Being the Freaky Kid on the block.

Freaky Kid: (noun) A child aged sixteen or younger prone to ‘strange’ tastes in music, reading, writing, or art. Often uses sarcasm as a means towards a black humor end. Dresses in dark colors. Not to be confused with ‘goth’ or ’emo’, but still thought to be ‘dark’. Considered to be just as evil and to be avoided as their gothic counterparts. Parents of Normal Children, beware.

I think all it takes is one thing. The problem is, I couldn’t tell you what that thing is. But I’m still of the mind that this singular event sets off an internal chain reaction that creates the Freaky Kid. Part of it’s genetics (I come from strange stock indeed, so I can attest to this), and part of it’s influence. But all that sets the stage. There has to be some force, whether it manifests itself as an item (book/movie/music/etc), or an event, that sparks something within and makes the Potential Freaky Kid join the flock.

The chain reaction kicks off like brush fire across the kid’s skull, melting down all ‘normal’ wiring and replacing it with something new. Usually in shades of black or dark blue depending, though some subspecies choose all colors, or only certain colors. Or only certain clothes.

After that, how breezy life is depends squarely on how the Freaky Kid chooses to handle it. If they’re faced with being socially ostracized, they might tell the world to go to hell and hole up inside their room permanently. Or they’ll tell the world to go to hell and face them head on. If accepted, who knows what the kid could accomplish. Or they’ll rise high and fall flat on their face. Or nothing’ll happen. Like all kids the Freaky Kid’s potential, as far as I can tell, measures out about like this: fifty percent dumb luck, twenty percent life experience, ten percent good parenting, ten percent parental foul ups, and ten percent pure unmitigated chance.

But I can say that from what I’ve seen, there’s usually a lot of that ostracized stuff going around. The kids that fall in that area are the Ally Sheedys (circa The Breakfast Club) of every school, not one kid, but a whole group. They’re usually off to the side in the playground or the lunchroom, keeping each other amused and sniping at all the popular types. I know this because I lived and breathed that group (whenever I was actually in school, not at home sick) all through school, and though most of us have grown apart, some of us outcasts are still good friends to this day.

Before that we were regarded with narrowed eyed stares and behind the hand whispers, face to face challenges from high horse wenches, and all sorts of crap. Sometimes I couldn’t help remarking on the cliche of it all. This often earned me even more crap. But I was a young writer with a sarcastic sense of humor, eternally in a sweatshirt that I’d wear until it fell apart (a habit I still have, but I’m trying to get out of), with eccentric sensibilities.

I could never figure out what the big deal was about all that, and that’s still true to this day. During the last years of my Freaky Kid stage, I heard neighborhood kids told stories about me. They thought I was a frequent cutter who listened to metal music all day. Years later still, I heard that my mother’d asked a writer friend of mine, as well as my Girl Scout leader of the time (Mom 3.0 now), if she needed to worry about me being a potential psychopath because of the scary stories I was writing at the time.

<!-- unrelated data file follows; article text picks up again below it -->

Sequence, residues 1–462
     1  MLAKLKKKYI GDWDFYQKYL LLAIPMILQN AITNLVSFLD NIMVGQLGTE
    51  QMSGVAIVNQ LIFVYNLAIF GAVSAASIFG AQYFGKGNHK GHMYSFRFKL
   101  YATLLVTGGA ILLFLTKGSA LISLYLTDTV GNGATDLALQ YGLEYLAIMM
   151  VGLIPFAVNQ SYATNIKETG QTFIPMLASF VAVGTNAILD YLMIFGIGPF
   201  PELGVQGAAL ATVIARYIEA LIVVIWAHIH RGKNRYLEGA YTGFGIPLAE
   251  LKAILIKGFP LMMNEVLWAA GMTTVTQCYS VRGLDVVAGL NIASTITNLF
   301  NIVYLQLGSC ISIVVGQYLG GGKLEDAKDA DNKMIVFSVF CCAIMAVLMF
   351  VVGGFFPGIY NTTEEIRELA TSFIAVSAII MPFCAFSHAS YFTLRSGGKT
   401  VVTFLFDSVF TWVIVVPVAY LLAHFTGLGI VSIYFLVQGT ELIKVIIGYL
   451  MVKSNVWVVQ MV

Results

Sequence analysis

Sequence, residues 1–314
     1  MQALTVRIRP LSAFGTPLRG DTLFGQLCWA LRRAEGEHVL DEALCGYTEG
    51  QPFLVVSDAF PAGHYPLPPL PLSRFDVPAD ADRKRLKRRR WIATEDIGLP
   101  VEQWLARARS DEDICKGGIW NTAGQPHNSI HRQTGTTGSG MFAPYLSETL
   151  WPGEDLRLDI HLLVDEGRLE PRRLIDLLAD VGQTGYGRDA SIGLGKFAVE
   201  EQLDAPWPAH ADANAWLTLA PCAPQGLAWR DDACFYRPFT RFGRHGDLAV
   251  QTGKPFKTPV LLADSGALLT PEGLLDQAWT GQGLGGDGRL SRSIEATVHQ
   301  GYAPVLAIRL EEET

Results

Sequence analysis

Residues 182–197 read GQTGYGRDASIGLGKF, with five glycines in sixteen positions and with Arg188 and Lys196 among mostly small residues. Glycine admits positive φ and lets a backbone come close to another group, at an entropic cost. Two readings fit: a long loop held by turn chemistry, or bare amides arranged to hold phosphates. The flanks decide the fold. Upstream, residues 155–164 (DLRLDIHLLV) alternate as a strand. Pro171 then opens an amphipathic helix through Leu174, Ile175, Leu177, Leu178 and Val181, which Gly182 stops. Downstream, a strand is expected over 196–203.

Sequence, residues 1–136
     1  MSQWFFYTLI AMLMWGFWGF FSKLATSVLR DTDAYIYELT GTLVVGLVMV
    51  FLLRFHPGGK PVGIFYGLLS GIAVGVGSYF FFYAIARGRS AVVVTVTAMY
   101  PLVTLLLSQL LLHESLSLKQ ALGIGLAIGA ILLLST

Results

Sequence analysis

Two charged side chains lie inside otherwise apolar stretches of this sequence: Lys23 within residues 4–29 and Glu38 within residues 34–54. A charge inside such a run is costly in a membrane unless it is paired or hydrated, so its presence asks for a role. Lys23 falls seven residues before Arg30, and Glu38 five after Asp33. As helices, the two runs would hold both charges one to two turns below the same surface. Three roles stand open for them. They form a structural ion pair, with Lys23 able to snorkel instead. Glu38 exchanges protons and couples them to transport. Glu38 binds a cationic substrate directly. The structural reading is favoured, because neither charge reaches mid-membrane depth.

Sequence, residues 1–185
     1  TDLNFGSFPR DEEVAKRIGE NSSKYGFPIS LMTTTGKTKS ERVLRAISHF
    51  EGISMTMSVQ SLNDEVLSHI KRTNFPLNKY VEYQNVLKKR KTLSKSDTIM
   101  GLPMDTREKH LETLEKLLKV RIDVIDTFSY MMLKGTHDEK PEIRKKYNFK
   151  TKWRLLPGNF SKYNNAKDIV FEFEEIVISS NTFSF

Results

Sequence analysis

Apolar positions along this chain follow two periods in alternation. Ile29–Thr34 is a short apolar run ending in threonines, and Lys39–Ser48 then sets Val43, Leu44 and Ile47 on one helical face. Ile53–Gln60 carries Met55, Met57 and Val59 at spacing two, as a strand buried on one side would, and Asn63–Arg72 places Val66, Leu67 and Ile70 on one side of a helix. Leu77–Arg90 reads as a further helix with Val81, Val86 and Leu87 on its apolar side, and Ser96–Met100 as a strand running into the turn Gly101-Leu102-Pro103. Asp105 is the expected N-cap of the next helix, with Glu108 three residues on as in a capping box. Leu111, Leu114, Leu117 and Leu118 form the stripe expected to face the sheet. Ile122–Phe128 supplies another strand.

Not that I ever had thoughts of making this blood and gore a reality, and if someone’d asked me, I would’ve told them so. But thankfully the two asked told her that there was nothing to worry about. Better for me to get it out than to let it fester. Not that there was anything festering on that level to begin with. I was depressed, but I wasn’t homicidal.

Now, as I’ve said, I’m no longer that kid. But I could still easily check myself under the ‘Freaky Adult’ category. Freakyness, as you yourself might know, is a wide ranging label that many can put themselves under. I would hope it’d be for positive reasons, because us freaky types are more useful when we’re happy to be as we are.

Luckily I’ve never been a Damien Echolls, although from what I’ve seen back then he was more aggressively goth than just plain freaky. But I’ve seen and been though enough crap to know that being the Freaky Kid is not for the weak of heart. Once that little thing sparks a piece of your DNA and that brush fire begins, you’re freaky for life. Trying to pretend otherwise, locking up that part of yourself, leaves a lot missing. So if you want that full, rich life they keep talking about in all those self help books, you’re going to have to embrace it. While you’re at it, help those Freaky Kids embrace it too. They need it.

And, of course, look for new ways to be freaky for the rest of your days. You wouldn’t want it to wither and die, would you?

I thought so.

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~ by Sara on December 28, 2011.

2 Responses to “Being the Freaky Kid on the block.”

  1. I was that kid and although I’m no longer thought of as freaky, I’m still seen as strange; freaky’s educated cousin.

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